Love him or hate him, Nick Diaz never fails to make headlines.
The UFC’s bad boy was at it once again Friday afternoon when he got into a shoving match with fellow UFC 137 main event participant B.J. Penn during weigh-in activities at Mandalay Bay.
“He’s a good opponent. It’s time to fight,” Penn said simply when emcee Joe Rogan asked about the fracas, which saw Diaz push his forehead into Penn’s before UFC president Dana White jumped into separate the two fighters and their entourages to the delight of the pro-Penn crowd.
Diaz, who actually threw a half-cocked punch in the air while he was being pulled back, offered no comment as he immediately walked off stage.
The scene was just the latest chapter in a slew of highly publicized missteps (which included Diaz no-showing two press conferences that cost him the originally scheduled championship fight against Georges St-Pierre and nearly his job in the UFC), but starkly different than the respect Diaz had shown Penn earlier in hyping tomorrow’s bout.
“I think B.J. is a lot better fighter to be honest with you,” said Diaz of Penn being better than GSP, who was forced out of a main event fight against Carlos Condit because of a knee injury.
“He’s much better at jiu-jitsu, boxing, even on a physical level I wouldn’t count him out.”
Penn says both fighters will be feeling the pressure of the moment, considering the winner will likely have first shot at St-Pierre, who currently is scheduled to face Condit after recovering from his injury.
“I think I’m relaxed, I’m comfortable with the situation but I think me and Nick both have a lot of pressure,” said Penn, whose last fight in Nevada ended in controversy when he accused GSP of greasing his body after a TKO loss to the Canadian at UFC 94 in January 2009.
“Nicks got some pressure. He was going to come in and fight for the title but things got switched up. I kind of look at it that we’re both in a must win position.”
Reasoning enough for White to be so pumped up about an event —which despite multiple bout changes and headaches with Diaz, seems to be shaping into a top-contender eliminator.
“The fight held together. “This thing sold out, it’s sold out now. It’s been fantastic,” White said. “If this was a boxing match, it would have collapsed and we would have to rescheduled it.
“I love this fight. They’re warriors. This fight is going to be a war.”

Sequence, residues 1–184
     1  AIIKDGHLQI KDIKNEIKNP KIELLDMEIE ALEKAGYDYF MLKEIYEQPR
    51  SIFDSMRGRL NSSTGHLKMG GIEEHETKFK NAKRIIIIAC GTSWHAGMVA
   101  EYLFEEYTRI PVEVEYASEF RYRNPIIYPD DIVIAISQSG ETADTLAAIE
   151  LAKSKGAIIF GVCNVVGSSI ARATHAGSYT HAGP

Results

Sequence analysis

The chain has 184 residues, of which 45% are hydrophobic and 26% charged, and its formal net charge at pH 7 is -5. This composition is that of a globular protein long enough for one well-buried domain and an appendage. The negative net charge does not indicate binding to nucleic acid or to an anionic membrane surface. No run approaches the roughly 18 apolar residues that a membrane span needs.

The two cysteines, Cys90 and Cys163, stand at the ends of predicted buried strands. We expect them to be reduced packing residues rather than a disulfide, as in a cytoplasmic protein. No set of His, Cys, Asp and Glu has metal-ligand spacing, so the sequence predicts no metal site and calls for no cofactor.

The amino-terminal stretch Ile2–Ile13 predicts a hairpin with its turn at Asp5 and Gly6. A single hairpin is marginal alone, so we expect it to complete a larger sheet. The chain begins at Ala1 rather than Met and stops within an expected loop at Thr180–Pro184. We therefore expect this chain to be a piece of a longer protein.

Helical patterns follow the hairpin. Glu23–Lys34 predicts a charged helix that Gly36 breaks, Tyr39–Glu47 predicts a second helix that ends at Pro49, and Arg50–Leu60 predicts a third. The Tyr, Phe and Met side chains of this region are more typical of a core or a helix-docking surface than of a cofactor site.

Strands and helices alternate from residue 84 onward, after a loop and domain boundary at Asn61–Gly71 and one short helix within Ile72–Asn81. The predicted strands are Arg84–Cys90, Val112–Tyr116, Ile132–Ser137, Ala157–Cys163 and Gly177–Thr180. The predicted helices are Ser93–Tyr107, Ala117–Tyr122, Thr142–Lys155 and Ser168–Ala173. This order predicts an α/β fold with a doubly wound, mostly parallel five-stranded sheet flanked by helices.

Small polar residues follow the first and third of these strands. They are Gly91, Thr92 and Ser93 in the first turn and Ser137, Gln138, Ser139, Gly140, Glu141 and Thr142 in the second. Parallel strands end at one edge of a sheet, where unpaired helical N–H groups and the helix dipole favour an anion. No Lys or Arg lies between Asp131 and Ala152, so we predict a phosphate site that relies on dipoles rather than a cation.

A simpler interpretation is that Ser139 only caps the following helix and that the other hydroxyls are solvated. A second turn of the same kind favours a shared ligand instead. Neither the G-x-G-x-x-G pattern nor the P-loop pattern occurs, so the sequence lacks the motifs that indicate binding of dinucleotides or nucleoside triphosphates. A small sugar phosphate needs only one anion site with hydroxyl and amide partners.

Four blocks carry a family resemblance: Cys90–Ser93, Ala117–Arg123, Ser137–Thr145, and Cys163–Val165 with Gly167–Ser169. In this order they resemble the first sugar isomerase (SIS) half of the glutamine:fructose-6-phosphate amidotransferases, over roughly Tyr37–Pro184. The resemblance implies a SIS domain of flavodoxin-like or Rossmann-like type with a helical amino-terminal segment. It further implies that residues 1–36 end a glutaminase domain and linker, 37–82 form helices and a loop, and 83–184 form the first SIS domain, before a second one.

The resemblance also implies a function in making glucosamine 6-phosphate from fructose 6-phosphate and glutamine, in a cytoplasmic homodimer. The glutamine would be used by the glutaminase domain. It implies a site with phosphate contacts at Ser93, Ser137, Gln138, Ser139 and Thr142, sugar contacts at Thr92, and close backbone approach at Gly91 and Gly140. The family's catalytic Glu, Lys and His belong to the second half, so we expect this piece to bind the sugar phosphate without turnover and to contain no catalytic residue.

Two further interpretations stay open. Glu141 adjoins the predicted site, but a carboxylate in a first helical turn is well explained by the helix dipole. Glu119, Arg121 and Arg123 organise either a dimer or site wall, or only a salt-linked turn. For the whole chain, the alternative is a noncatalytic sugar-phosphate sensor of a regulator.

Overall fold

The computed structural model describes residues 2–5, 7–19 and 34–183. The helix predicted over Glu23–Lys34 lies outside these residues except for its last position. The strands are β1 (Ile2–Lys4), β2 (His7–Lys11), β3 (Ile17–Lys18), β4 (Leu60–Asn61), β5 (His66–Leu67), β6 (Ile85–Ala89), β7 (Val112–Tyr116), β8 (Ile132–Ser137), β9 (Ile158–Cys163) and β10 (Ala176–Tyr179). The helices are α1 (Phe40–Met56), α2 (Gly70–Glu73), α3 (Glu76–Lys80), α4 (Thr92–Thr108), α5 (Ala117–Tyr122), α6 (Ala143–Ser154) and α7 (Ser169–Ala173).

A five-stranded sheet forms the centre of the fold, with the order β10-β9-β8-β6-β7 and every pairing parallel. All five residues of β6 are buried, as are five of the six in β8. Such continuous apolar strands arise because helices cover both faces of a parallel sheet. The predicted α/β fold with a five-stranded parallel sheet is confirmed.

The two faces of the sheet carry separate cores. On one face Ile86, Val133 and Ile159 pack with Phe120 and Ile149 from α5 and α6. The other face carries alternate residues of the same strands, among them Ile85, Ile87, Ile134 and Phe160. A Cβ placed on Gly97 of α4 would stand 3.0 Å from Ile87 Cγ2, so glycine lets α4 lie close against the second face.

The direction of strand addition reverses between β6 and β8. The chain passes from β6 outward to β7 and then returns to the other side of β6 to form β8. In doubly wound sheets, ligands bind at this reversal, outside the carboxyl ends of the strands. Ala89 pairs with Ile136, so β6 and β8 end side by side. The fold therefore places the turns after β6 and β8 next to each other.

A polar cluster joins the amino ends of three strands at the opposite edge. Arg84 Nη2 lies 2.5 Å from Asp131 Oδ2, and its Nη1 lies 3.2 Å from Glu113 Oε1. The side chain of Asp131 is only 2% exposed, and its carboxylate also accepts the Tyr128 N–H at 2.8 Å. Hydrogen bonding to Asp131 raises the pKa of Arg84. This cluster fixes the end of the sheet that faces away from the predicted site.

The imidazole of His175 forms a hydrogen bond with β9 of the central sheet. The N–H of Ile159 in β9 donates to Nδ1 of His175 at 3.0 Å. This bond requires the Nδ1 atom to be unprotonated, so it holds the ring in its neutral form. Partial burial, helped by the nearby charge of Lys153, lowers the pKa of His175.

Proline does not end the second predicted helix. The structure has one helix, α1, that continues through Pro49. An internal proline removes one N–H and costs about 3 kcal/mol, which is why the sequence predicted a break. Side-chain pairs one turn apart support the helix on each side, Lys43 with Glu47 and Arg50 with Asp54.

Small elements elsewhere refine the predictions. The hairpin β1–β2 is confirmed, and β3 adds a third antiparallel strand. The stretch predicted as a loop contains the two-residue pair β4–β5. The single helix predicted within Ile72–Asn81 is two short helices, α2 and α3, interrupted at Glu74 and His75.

Cro Cop’s curtain call?
Despite saying he might be in the best shape of his nearly 20-year fighting career, a reflective Mirko “Cro Cop” Filipovic talked about Saturday possibly being his last bout — win or lose.
“I have two sons, two kids at home, and so many things that I would like to discover,” said the beloved Croatian. “Next year in June it will be 20 years from my first fight. I had a long and rich career and I can say successful, not in the UFC, which I will never be able to forgive myself, I just blew it up. When I came to the UFC, they treated me like a king. Even today they treat me like a king, I just didn’t make it.”
Brazil gets TUF
The first international version of the American reality fighting TV show The Ultimate Fighter will take place in Brazil, said White, who also hinted the promotion would be back in Brazil soon.
“It’s a huge market for us. It’s incredible down there,” White said of the country referred to as the birthplace for MMA, which hosted its first UFC event in 13 years with a sold out UFC 134 card in August.
“We’re going to do as many as we possibly can.”
ESPN’s Anik joins UFC
Jon Anik, the host of ESPN2’s weekly “MMA Live” show, has joined the UFC broadcasting team and will commentate the live “TUF” episodes when they air on FOX starting in 2012.
“I believe the UFC’s as strong a brand as there is in professional sports, but what really drew me to this organization was the people behind it,” the 33-year-old Boston native said.
“If I was leaving ESPN, there was only one destination: the Ultimate Fighting Championship. It’s a dream come true.”